What is your SHTF gun? Many will jump to defend the AR of AK platform with rugged hostility. No matter which side of the lane you end up on in the AKM vs. AR15 debate – looking at you Jeff Kirkman – they are both worthy rifles which can be efficiently used in a SHTF scenario. 

But what is SHTF? For some it’s a power outage for a week, a month, two months; for others it’s a total society and government collapse. For me, it’s a bit different. 

What is my SHTF? 

My SHTF is anything where I don’t have the proper tool for the job. It’s when I encounter a grizzly bear and I’m armed with a pen knife. It’s when an earthquake takes out all the roads between work and home while I’m stuck wearing only a suit. SHTF is a lack of proper training and preparation. 

This translates over to firearms, much to my wife’s chagrin. I have devoted a large part of my SHTF preparation to the skills and supplies necessary to properly and safely utilize these tools. However, I have noticed that even at home there are ‘mission specifics.’ No single tool solves every issue and I’d much rather have the proper tool at my disposal with the option to Gerry rig another tool if necessary. 

Notice, I use the word ‘tools’ quite often. 

What Are These Mission Specifics? 

Well, here’s the thing. Many mission specific needs are by category. For example: I’m not going to take a .45-70 lever action out to run room clearing drills. While it will work there are better alternatives. At the same time, I would not take a .22LR on a bear hunt. It’s just not the right tool! 

Classifying your potential needs and finding a tool which fits the classification most broadly will minimize the excess and bring your ‘needs’ into perspectives with your ‘wants.’ It appears that many who are preparing for some time disaster put a plan in place that unnecessary needs. Bugging out, for instance, may not be a possibility in an unforeseen earthquake. From my perspective, bugging out is a great option but not many are prepared for the eventuality of bugging in. Plan for both objectives.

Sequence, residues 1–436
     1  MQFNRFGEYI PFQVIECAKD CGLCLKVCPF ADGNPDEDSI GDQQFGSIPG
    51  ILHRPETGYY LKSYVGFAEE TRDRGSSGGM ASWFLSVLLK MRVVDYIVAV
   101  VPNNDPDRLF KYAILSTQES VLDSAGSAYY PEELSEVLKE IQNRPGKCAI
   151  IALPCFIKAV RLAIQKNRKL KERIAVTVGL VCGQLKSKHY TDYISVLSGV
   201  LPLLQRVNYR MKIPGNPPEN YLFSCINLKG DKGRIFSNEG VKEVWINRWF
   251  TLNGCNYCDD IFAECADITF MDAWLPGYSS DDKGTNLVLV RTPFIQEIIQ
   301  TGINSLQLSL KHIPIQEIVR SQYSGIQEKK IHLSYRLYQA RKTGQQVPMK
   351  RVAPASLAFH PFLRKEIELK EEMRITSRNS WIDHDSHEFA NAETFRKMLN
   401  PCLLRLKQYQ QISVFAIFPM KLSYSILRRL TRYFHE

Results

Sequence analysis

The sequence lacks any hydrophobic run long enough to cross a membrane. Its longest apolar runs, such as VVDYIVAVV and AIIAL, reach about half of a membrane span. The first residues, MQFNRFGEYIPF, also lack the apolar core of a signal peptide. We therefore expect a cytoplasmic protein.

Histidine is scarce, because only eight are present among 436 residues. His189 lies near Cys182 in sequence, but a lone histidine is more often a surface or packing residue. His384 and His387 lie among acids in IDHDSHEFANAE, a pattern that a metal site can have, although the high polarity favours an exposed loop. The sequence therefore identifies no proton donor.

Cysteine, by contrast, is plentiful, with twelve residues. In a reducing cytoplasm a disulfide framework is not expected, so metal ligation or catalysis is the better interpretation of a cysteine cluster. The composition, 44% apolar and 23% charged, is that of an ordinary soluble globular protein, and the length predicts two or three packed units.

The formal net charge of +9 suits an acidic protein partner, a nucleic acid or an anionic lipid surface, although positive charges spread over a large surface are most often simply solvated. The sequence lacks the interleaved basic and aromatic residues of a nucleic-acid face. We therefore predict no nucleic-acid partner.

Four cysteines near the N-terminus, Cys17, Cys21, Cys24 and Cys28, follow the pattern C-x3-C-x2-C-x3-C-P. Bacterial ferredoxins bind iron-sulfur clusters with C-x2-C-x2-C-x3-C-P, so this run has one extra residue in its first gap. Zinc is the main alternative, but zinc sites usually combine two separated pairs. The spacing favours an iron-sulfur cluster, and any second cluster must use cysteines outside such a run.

My Objectives: 

I’ve personally planned for a progressive bug-out. I would need to move from a high populated urban area into a rural area far away. As such, there are items that do not work well in an urban environment which are well at home in the open fields. As I have planned for a slow, methodical, location-to-location bug out bringing necessary tools and food is at the top of that list. What this has led me to is the realization that an AKM or AR can’t solve it all but can solve most. 

Many know I am a bushcrafter and survivalist. This means my main objective is to use as little as possible to do as much as possible and use nature to fill in the gaps. While difficult in an urban climate, it’s not impossible. What nature cannot help me with is other human beings who mean to harm me or my family. With that in mind, a plan was put in place with the best defensive tools for pre-planned objectives.